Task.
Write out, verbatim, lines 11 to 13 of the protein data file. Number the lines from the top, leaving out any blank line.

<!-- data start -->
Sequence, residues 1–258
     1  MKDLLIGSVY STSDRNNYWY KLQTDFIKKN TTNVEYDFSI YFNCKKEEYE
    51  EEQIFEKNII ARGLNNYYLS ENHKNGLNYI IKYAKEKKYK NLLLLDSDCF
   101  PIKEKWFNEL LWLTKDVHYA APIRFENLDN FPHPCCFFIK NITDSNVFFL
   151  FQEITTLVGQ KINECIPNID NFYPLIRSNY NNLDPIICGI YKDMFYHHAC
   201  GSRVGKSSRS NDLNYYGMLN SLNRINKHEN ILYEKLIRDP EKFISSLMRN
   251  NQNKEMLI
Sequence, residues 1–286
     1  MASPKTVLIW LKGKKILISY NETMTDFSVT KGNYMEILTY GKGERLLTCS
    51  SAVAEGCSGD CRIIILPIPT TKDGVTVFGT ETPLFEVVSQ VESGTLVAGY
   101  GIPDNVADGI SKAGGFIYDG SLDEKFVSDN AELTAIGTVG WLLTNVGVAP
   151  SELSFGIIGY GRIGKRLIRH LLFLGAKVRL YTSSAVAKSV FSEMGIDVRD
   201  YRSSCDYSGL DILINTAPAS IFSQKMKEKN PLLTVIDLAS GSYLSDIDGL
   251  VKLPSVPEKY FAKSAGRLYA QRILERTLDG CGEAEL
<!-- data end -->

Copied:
   101  GIPDNVADGI SKAGGFIYDG SLDEKFVSDN AELTAIGTVG WLLTNVGVAP
   151  SELSFGIIGY GRIGKRLIRH LLFLGAKVRL YTSSAVAKSV FSEMGIDVRD
   201  YRSSCDYSGL DILINTAPAS IFSQKMKEKN PLLTVIDLAS GSYLSDIDGL